While it is important, it is also something that frequently gets overlooked. So let’s take a look at metering modes for photography.

Most DSLR and mirrorless camera have a variety of metering modes. Just to be equally as confusing, different brands have slightly different names for them! But they are all pretty much the same. Matrix or Evaluative Metering, Center Weighted Metering and Spot Metering. Camera meters work great when the scene is evenly lit. However, it all falls down and becomes an issue for the internal light meter to determine the exposure, when the objects have different light levels and intensities.

Let’s look at an example

If you are taking a picture of a blue sky with no clouds or sun in the frame, the image will most likely be correctly exposed. This is because there is just one light level to deal with. If you add clouds it gets little more complex, as the meter now needs to evaluate the brightness of the clouds versus the brightness of the sky and try to determine the best exposure.

As a result, the camera meter might brighten up the sky a little bit in order to properly expose the white clouds, but then the clouds may look too white or “overexposed.”

Now add in a big mountain to your scene. Now the camera meter would see that there is a large object that is much darker than the clouds and the sky, and it would try to come up with something in the middle so that the mountain is properly exposed as well. By default, the camera meter looks at the light levels in the entire frame and try to come up with an exposure that balances the bright and the dark areas of the image. Now the mountain might be correctly exposed, but the sky and especially the clouds are blown out.

You’ll see the same thing if you are trying to shoot sand at a beach or snow. The camera will try to darken the image so that it is NOT all bright and white, even if it is. There is where metering modes can be handy.

Matrix / Evaluative / Zone Metering

Matrix, Evaluative or Zone Metering mode is the default metering mode on most cameras. It works similarly to the above example by dividing the entire frame into multiple “zones,” which are then all analyzed on an individual basis for light and dark tones.

One of the key factors (in addition to color, distance, subjects, highlights, etc.) that affects Matrix Metering is where the camera’s focus point is set to. After reading information from all individual zones, the metering system looks at where you focused within the frame and marks it more important than all other zones. There are many other variables used in the equation, which differ from manufacturer to manufacturer.

Nikon, for example, also compares image data to a database of thousands of pictures for exposure calculation. If you are a landscape photographer, consider this mode to be the “default” for most of your photography, as it will generally do a pretty good job in determining the correct exposure.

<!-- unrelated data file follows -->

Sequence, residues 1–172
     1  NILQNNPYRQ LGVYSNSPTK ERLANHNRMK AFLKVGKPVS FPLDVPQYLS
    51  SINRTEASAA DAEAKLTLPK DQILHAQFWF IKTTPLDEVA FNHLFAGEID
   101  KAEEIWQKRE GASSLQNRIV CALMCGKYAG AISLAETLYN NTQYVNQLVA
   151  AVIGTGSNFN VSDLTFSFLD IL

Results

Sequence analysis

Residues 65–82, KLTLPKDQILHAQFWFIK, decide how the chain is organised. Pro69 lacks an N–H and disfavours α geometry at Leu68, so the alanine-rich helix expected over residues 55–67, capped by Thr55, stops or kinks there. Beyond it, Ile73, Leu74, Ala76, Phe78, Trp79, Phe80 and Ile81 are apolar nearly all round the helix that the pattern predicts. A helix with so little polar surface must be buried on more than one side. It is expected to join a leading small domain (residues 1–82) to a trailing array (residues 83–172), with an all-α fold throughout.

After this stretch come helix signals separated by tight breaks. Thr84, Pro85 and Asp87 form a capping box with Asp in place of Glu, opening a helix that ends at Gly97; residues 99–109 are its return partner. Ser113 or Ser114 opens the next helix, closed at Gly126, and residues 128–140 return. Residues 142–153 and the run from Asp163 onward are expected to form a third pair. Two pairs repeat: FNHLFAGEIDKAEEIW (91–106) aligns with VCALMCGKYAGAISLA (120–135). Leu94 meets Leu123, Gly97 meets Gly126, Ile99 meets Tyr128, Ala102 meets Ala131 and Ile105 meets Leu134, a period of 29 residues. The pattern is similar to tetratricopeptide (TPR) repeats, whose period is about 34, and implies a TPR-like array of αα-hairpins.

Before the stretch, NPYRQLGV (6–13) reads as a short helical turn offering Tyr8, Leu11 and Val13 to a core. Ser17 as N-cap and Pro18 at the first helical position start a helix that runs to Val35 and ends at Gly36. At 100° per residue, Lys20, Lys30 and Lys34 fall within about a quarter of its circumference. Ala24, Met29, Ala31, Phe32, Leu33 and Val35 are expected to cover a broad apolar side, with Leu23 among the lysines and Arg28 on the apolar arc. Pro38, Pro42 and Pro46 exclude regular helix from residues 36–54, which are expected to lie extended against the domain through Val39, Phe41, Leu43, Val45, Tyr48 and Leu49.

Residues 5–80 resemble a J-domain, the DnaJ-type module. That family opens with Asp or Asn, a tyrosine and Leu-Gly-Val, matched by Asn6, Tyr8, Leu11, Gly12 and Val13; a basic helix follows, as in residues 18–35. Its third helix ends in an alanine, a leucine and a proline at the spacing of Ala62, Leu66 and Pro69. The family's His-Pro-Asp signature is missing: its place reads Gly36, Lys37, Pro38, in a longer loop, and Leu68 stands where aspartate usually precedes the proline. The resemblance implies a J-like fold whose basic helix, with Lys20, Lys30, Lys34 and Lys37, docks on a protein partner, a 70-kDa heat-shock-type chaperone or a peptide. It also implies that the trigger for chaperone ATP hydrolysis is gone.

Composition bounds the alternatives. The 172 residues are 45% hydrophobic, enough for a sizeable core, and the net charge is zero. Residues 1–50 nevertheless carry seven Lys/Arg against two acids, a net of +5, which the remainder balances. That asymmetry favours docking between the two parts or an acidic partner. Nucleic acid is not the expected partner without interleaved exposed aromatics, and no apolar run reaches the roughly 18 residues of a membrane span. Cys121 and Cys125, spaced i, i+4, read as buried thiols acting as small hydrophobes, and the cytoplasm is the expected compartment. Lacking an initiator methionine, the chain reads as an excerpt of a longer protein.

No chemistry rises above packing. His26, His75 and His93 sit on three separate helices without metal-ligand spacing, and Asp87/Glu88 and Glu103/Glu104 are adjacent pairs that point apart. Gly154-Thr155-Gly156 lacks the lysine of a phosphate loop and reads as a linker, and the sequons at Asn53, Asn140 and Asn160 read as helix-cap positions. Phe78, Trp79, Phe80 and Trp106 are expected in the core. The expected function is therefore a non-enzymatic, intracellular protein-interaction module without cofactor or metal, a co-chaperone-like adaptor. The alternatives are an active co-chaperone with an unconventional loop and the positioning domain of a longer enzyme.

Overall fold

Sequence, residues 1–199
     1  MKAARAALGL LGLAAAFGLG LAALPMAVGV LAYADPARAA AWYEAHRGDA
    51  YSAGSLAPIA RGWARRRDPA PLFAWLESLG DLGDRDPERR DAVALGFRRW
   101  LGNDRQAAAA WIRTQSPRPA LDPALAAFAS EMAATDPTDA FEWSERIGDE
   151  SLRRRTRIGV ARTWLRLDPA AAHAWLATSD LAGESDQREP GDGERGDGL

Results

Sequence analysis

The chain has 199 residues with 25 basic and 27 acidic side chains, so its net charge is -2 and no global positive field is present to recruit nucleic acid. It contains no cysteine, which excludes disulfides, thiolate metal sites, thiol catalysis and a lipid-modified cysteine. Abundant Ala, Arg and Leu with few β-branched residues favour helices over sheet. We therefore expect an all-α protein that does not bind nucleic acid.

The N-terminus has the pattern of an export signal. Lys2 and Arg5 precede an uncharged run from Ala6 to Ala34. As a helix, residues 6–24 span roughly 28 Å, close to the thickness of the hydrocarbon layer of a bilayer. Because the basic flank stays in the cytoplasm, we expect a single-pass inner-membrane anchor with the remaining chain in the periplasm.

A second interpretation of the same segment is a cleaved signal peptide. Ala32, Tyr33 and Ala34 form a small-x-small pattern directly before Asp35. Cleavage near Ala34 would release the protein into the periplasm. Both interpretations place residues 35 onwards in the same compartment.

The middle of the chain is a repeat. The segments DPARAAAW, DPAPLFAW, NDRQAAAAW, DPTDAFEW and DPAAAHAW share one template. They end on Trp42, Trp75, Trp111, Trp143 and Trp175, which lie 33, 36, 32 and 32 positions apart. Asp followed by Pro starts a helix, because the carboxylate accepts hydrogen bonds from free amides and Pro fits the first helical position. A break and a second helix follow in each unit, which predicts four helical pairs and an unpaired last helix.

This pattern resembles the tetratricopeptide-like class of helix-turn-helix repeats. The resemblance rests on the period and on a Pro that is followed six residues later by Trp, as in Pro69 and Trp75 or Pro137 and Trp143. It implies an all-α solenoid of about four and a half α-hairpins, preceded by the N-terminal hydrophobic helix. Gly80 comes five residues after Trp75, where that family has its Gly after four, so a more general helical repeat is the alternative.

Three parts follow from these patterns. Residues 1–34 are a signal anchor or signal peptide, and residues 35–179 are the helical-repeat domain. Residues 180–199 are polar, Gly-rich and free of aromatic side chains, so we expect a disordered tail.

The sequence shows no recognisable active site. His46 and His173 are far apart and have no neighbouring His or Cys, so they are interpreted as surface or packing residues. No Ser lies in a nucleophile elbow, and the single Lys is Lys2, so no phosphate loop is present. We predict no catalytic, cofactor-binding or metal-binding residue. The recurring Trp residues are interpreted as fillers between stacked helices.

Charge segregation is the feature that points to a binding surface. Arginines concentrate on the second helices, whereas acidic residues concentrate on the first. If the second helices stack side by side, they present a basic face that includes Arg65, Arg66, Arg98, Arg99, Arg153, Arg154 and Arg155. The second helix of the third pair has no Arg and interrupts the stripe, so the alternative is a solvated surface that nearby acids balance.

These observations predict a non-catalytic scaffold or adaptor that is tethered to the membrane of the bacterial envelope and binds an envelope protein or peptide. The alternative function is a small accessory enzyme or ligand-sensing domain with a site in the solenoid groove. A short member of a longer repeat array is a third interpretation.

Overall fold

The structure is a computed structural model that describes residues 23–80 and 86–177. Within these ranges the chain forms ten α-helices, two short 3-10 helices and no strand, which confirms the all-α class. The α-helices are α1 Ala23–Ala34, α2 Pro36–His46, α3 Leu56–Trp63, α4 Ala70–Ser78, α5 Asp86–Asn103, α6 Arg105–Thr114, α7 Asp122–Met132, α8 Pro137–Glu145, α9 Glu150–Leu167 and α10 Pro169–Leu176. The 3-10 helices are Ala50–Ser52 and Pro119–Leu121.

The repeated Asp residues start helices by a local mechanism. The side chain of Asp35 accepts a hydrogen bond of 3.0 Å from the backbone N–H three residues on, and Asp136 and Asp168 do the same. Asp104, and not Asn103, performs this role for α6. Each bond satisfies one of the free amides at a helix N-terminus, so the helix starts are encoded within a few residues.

Center Weighted / Average Metering

Using the whole frame to decide the correct exposure is not always the best thing, especially when, for instance, taking a portrait of a person with the sun behind them. This is where Center Weighted or Average Metering comes in handy.

Center Weighted Metering evaluates the light in the middle of the frame against the surroundings and ignores the corners. Compared to Matrix Metering, Center Weighted Metering does not look at the focus point you select and only evaluates the middle area of the image.

Use this mode when you want the camera to prioritize the middle of the frame. It’s great for close-up portraits and relatively large subjects in the middle of the frame. For example, if your subject has the sun behind her, then this mode would expose the face of the person correctly — even though everything else would probably get heavily overexposed, unless the light is filtered or diffused.

Spot Metering

Spot Metering only evaluates the light around your focus point and ignores everything else. It evaluates a single zone/cell and calculates exposure based on that single area, nothing else.

I personally use this mode a lot more for my still life and macro photography. I need to make sure that I expose them properly, whether the background is bright or dark. Because the light is evaluated where I place my focus point, it is also great for really bright or really dark setups. However, the camera can still get it wrong and you need to shoot and then check for correct exposure and adjust when necessary.

Other things to consider

Something else to consider when shooting is how balanced your histogram is and how to read it. If your subject is fairly well lit, then your histogram should be evenly spaced. A little in the shadows and highlights and most in the middle. If you are shooting dark and moody, it will remain mostly on the left, or light and bright on the right. Shadows are easier to recover than highlights, so when in doubt shoot a little to the left or slightly underexposed.